The tone was set by President Barack Obama who, in an interview with CBS news broadcast late Monday, hearkened back to the Cold War days of his predecessor, Ronald Reagan, saying "we don’t just trust but we also verify” when it comes to pursuing the latest proposal on Syria’s chemical weapons.
That proposal, which originated with an apparently off-the-cuff remark by US Secretary of State John Kerry that was quickly taken up by Russia – and which Obama said he discussed with Russian President Vladimir Putin last week – calls for Syria to put its chemical weapons under international control.
While many American politicians and media outlets acknowledged that the plan might indeed offer a way to avoid US military action against Syria and warranted consideration, some also voiced serious doubts about whether Moscow’s support of it was genuine and whether it was workable if so.
"The proposal for Assad to turn over his chemical weapons has an odor of snake oil about it,” the daily USA Today said in an editorial comment on its website, referring to Syrian President Bashar Assad. "As with any too-good-to-be-true offer, however, the question is: What's the catch?”
Other large US media outlets voiced similar wariness of the initiative, formally welcomed on Tuesday by Syria itself, with the Los Angeles Times calling the plan "essentially a ‘get out of jail free’ pass” for Assad and The Washington Post questioning whether Russia really wants Syria to relinquish its chemical arms.
"I can’t help but think that the Russians and Syrians have outmaneuvered Obama,” LA Times opinion columnist Jon Healey wrote.
"There are two ways to look at Russia’s proposal,” a Post blogger on foreign affairswrote. "Either it’s an earnest proposal that has a good chance of actually happening or it’s a shrewd delaying tactic. … There’s also strong reason to suspect that Russia’s plan is a bluff, a clever chess move meant to delay.”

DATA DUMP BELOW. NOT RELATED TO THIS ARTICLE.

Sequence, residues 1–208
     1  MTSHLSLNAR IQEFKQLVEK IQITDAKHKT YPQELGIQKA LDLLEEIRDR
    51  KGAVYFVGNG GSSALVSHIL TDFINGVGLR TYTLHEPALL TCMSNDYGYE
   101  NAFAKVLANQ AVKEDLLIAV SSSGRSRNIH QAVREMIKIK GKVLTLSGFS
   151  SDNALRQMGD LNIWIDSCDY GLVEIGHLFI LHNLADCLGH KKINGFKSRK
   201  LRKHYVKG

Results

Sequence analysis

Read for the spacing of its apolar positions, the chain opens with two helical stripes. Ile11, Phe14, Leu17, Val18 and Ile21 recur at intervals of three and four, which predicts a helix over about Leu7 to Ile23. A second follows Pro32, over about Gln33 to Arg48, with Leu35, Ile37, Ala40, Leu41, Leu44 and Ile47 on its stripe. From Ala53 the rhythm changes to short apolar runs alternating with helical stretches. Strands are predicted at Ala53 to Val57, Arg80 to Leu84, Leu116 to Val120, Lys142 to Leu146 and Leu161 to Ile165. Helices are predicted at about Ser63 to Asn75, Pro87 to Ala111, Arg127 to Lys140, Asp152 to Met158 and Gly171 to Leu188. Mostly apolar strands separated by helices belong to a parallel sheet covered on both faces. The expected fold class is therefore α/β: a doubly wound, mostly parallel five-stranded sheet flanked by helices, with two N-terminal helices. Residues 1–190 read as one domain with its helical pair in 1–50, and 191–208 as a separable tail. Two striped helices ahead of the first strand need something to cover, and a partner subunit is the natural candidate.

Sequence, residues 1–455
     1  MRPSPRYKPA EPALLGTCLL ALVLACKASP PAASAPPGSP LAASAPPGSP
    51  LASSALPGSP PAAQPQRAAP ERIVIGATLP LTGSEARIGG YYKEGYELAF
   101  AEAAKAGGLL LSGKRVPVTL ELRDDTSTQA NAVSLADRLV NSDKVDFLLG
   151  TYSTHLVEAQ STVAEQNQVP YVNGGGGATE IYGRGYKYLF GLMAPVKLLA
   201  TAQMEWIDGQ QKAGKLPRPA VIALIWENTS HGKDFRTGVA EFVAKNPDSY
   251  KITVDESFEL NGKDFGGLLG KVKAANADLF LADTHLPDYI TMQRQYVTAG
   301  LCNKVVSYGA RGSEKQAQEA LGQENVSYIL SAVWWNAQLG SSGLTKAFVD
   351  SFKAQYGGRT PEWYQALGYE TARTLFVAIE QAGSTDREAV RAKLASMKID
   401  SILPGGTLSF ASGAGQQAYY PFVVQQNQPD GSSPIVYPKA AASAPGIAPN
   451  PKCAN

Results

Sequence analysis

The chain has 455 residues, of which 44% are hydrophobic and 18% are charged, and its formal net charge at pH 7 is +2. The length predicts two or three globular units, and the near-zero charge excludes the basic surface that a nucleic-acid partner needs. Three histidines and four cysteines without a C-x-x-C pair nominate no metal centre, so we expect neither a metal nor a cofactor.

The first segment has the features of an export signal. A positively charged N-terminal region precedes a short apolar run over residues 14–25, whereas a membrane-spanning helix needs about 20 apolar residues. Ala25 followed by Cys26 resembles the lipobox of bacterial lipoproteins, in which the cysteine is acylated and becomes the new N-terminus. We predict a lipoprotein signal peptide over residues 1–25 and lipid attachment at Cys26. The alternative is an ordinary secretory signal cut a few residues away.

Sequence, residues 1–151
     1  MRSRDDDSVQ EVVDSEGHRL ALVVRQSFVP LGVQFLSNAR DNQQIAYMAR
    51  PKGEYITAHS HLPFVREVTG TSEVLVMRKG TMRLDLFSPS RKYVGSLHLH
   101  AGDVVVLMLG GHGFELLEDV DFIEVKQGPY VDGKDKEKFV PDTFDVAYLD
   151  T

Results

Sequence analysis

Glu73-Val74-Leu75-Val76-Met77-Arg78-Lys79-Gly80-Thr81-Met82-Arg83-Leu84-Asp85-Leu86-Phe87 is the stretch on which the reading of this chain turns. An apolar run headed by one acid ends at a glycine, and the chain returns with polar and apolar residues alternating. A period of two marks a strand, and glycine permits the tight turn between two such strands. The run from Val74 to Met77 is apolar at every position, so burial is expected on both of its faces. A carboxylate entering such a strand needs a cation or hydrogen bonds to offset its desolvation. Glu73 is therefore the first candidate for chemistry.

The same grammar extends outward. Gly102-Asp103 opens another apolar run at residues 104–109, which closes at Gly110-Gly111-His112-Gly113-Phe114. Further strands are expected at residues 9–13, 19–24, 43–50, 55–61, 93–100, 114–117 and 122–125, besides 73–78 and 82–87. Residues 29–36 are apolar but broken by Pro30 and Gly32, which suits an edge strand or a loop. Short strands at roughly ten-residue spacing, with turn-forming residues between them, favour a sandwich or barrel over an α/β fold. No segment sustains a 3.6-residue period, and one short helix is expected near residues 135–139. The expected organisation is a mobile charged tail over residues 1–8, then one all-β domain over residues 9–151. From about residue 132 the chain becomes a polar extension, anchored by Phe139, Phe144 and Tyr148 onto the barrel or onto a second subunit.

The influential, conservative news aggregator website Drudge Report, well known for its dim view of Russian President Vladimir Putin, summed up the mood among some in Washington in a single word, publishing the banner headline "Checkmate!” under a photo of Putin looking relaxed and Obama tense.
Sen. John McCain, a forceful advocate of US military intervention in Syria, said in one television appearance Tuesday that "I’m very skeptical” and added in another that "when you see the plane-loads of Russian arms flying into Damascus on a daily basis” there were "ample” grounds for skepticism.
Washington website Politico said the attitude of most members of the US Congress to the Syrian arms initiative was one of "healthy skepticism” and stated that members of the powerful Senate Foreign Relations Committee did not believe Moscow’s avowal to work with Damascus to implement the plan.
"Leaders of that committee were unconvinced of the veracity of Russia’s offer,” Politico said.
US House Speaker John Boehner also expressed skepticism of the proposal. Asked why he doubted it, Boehner told the Huffington Post website: "Because of the actors involved. Simple as that.”
Despite voicing his doubt about the initiative, McCain and others acknowledged that it should be explored and The Associated Press quoted an unidentified White House official as saying that Obama had agreed to US participation in a debate at the United Nations on the Syrian chemical weapons proposal.
"Not to pursue this option would be a mistake,” McCain said.